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COLUMN: Climate change and skeptics -- part II

Alex Atamanenko
By Alex Atamanenko
November 28th, 2014

In Part I of this column, I attempted to present over whelming evidence that human activities are affecting global climate.  The intergovernmental Panel on Climate Change (IPCC) is composed of over 2,000 atmospheric scientists from every major country.  In 2001, the IPCC stated unequivocally that human activities are having detectable effects on the Earth’s climate, on the atmosphere and the Earth’s water.

Robin M. Mills is a graduate of Cambridge University and has worked for more than a decade in the fossil fuel industry, in petroleum geology and economics for Shell and for the Dubai government.  Mills published Capturing Carbon:  The New Weapon in the War against Climate Change?  Columbia University Press, New York.  2011.  In it he states, “Vested interests, certain big businesses, right-wing ideologues, self-appointed ‘experts’ in the media, ignorant or self-interested politicians, and scientists willing to prostitute themselves to the highest bidder, continue to repeat egregious falsehoods, objections to the idea of anthropogenic global warming that have been repeatedly demolished by science.  They cloud the issue, literally, with propaganda masquerading as research.  Many in the media, always in search of a controversy, help to fan the flames.”

However, whether global climatic change is real or is a hoax is proving to be immaterial.  If global climatic change is caused primarily by the combustion of fossil fuels and fossil fuels are finite resources, then at some point fossil fuel depletion will render further fossil fuel consumption uneconomic.  In other words, and we see this every day at the gas pumps, the price of fossil fuels is going to rise as the cost of recovering what remains of this finite resource declines.  At the same time that fossil fuel prices have risen, the cost of renewable energy has declined to the point where many types of renewable energy cost less than fossil fuels.

A report published in Science in 2001 compared the capital cost of building a coal-fired and a wind-powered electric plant of equal output.  Capital costs were equal.  However, the operating cost for a wind-powered plant was substantially lower because no coal mining, no coal crushing, no coal cleaning, no coal transportation, and no air pollution control is required for a wind-power plant.  Since 2001, the efficiency and economies of scale have significantly further lowered the cost of wind energy.  Since 2001, what has happened to the price of fossil fuels?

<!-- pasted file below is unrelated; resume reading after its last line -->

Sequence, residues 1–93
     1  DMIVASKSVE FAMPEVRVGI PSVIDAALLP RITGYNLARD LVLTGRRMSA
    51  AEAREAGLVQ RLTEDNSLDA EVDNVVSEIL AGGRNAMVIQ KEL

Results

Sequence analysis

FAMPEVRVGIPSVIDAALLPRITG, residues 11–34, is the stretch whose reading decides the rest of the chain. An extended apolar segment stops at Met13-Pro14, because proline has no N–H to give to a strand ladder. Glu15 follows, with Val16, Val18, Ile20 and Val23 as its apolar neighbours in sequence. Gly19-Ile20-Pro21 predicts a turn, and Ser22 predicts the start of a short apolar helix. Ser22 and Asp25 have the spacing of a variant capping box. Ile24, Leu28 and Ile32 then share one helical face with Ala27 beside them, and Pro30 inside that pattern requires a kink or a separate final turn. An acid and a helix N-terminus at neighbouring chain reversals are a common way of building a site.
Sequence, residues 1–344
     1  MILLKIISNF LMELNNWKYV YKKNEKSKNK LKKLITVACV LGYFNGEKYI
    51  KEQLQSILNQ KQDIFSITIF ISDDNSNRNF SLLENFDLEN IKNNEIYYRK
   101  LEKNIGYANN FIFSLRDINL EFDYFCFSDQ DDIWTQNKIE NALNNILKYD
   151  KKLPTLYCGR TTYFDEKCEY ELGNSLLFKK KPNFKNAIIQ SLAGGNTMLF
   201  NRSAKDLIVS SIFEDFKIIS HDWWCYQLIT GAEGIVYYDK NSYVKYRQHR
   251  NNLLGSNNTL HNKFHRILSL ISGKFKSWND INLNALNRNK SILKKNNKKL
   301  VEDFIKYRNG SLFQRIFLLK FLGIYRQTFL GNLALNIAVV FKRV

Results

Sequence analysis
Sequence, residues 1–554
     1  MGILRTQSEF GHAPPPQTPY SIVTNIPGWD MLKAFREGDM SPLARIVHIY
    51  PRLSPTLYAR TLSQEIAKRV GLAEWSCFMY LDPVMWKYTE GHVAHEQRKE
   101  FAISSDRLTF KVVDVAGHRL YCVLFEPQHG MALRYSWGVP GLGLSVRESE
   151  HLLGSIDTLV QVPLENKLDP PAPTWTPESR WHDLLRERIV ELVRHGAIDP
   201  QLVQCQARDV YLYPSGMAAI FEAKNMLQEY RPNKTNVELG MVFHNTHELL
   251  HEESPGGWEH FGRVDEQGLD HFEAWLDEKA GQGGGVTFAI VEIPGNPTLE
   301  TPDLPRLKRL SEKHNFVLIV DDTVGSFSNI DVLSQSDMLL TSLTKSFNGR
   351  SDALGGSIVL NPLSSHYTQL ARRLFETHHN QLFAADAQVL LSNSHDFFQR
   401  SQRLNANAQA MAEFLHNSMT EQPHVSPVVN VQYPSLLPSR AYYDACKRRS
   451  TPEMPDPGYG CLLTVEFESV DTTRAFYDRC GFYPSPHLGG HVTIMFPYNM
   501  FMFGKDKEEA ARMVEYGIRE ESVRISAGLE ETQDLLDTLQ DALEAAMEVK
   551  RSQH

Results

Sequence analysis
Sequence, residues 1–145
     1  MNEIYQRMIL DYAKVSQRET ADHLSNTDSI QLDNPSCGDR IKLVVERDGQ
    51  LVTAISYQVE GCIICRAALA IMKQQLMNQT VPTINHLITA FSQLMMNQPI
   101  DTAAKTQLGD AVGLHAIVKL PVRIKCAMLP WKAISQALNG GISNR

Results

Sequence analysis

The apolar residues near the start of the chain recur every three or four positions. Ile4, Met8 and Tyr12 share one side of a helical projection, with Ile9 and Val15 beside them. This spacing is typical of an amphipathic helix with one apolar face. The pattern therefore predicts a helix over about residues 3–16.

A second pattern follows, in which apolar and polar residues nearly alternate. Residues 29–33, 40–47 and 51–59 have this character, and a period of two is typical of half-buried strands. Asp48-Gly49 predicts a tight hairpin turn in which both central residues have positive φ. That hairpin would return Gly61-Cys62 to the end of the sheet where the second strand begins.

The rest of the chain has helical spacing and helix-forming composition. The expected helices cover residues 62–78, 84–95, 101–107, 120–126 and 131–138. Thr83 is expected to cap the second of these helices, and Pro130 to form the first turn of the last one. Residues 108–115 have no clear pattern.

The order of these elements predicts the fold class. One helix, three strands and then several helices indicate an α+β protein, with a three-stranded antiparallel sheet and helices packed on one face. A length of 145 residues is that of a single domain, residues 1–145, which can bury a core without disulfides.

A paper published in Scientific American  in November, 2009 described how solar, wind and hydro electricity could supply all the world’s energy needs within thirty years at a lower cost and with more reliability than conventional energy sources.

The transition to renewable energy has started.  Investing in fossil fuels or fossil fuel technologies today is as wise as it was to invest in clipper ships in the early days of steamers or in typewriters in the early days of computers.  The fossil fuel era is winding down.  If we build those pipelines, what will they be used for ten years from now?

The NDPrejects the claim of a fundamental contradiction between environmental health and economic growth. Developing green energy industries is an opportunity for a dynamic new era of job creation, building a competitive advantage for Canada in environmental technologies and practices, which in turn help foster innovations in manufacturing.  Reshaping energy policy for the 21st century means moving away from fossil-fuel dependence toward a green energy future by investing in solar, wind, wave, and geothermal sources, working with provinces and territories to share clean energy; and ensuring energy conservation in transportation and building methods.

We can make Canada an environmental leader on the world stage by honouring treaty obligations, incorporating strong environmental standards in trade agreements and ensuring Canadian companies operating here at home and abroad are held to standards and practices that reduce their footprint and leave local ecosystems in good health.

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